Chilean sports fans a marked departure from American crowds

Being a country that has higher stakes in soccer than American football, I expected the sports scene to be different here in Chile, but one thing that surprised me was the atmosphere at the games among spectators. The attitude toward sports in general here is very different from back in the U.S. One of my friends went to a soccer game and met some Chileans who told him that, “In the States they [games] are a giant party, but here they are war.” From my experience, I wouldn’t go as far as saying that it’s a war, but it is definitely a much more intense attitude than in the U.S., which you can see even from the venue.

In the U.S., whenever you go to a professional sporting event, there are usually vendors walking around the stands and refreshment stands where you can buy food, drinks or alcoholic beverages. Here they don’t have that. They have a few vendors walking around selling soft drinks and a couple snack foods, but there is no refreshment counter. They also don’t serve alcohol at the games. The fact that they don’t sell alcohol at the games here is part of what makes it seem like less of “giant party” and more of a war. Even though they don’t sell it in the actual arena, many people go out to a bar or restaurant after the game to celebrate their team’s victory and have a good time with their friends.

It’s also the spectators’ attitude at the games. In the U.S., you go to a game to have fun and watch your team with your buddies. Here, you go in support of your team and participation in the cheers is required. When I went to a soccer game, the group of people that I went with didn’t know the cheers and for a little while, we were seen as outsiders in the section we were in. Eventually, we figured the cheers out well enough to participate in them, but we still weren’t wearing the team’s jerseys, making us stand out in the sea of blue and red.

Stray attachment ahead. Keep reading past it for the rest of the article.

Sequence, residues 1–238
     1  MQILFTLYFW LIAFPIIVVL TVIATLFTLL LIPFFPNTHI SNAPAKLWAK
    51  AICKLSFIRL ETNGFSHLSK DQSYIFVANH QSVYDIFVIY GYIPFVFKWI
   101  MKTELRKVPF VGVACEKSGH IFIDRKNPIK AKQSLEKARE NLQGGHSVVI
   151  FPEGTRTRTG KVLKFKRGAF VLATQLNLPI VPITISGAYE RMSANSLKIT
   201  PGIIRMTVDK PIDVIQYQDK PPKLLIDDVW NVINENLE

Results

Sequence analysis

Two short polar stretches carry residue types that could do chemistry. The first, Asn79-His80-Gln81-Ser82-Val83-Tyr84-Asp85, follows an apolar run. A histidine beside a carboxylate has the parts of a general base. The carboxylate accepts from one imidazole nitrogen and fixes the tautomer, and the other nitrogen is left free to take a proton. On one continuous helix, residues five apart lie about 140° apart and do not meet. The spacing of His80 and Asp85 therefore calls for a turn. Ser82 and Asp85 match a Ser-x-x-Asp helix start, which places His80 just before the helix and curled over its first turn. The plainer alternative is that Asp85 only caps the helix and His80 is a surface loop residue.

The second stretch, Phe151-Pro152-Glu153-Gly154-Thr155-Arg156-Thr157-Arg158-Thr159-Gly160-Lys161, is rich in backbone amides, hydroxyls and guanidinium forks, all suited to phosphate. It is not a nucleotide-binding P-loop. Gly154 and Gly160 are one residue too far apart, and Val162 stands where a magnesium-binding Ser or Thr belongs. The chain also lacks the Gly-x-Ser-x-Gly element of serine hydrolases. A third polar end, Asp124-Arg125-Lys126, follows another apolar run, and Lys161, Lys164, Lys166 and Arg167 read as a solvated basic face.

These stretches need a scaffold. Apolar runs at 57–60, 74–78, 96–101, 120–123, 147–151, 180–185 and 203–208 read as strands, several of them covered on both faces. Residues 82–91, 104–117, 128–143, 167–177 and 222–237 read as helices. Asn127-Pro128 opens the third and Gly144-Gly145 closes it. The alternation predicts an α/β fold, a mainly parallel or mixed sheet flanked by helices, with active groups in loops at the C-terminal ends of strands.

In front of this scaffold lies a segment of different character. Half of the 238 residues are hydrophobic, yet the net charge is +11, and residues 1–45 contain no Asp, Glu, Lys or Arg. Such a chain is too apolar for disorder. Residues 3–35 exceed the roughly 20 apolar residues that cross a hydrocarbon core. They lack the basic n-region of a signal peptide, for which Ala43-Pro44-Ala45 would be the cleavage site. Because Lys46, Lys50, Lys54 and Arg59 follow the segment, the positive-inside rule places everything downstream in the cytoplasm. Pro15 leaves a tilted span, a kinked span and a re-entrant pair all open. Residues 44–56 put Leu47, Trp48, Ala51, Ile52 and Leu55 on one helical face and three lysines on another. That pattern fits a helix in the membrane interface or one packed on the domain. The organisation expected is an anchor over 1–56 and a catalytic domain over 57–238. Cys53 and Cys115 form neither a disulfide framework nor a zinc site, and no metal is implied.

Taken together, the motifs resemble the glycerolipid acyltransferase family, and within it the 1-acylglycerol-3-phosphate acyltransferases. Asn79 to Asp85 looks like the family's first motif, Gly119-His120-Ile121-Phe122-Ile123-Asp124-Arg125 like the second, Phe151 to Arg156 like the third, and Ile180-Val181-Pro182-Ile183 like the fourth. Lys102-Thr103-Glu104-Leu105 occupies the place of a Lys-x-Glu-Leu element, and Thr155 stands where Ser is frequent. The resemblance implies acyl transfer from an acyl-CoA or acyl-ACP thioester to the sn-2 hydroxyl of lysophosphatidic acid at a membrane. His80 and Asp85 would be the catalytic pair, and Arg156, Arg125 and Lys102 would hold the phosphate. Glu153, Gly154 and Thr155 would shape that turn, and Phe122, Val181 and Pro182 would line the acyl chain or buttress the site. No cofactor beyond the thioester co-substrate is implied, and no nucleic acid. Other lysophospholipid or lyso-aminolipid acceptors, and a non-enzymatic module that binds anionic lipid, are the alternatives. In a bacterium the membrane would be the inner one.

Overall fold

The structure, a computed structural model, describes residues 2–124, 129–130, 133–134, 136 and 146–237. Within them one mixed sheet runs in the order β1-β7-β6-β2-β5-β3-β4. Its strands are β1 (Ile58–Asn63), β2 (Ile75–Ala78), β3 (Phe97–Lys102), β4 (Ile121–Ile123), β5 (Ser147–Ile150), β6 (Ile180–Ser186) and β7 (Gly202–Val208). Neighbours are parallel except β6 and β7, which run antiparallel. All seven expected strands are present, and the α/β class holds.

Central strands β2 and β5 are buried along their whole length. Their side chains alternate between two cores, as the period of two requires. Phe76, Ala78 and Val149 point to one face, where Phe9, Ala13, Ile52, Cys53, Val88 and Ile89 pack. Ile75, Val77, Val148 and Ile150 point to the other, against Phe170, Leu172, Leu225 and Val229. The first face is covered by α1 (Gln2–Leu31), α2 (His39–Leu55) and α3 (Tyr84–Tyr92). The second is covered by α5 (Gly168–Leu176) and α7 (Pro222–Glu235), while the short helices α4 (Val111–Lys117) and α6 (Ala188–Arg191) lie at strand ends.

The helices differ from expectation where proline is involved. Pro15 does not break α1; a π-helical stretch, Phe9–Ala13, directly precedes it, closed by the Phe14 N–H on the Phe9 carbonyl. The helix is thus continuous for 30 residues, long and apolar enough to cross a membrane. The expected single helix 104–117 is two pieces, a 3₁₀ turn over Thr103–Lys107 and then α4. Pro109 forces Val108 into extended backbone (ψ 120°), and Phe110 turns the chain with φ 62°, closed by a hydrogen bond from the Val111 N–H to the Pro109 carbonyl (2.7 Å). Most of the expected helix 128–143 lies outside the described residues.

The police presence at the games also suggests that things could easily get out of hand if a game went sour. There were police everywhere you turned, ushering people out of the arena after the game and there were groups of them at the exits. On our walk home, we saw many police vehicles parked around the arena, some of which looked similar to tanks or jail buses in case things got too crazy.

Fights have been known to break out and there are certain games that we are advised against going to because of the strength of the rivalry and the possibility for violence to break out. People here take their sports seriously, making the atmosphere surrounding them much more serious.

That being said, going to a soccer game here is something you have to experience for yourself to understand. Having gone to one game makes me want to go to another game even more; not necessarily to have a really fun time, but to watch another game and be able to appreciate the athleticism on the field and the support displayed in the stands.

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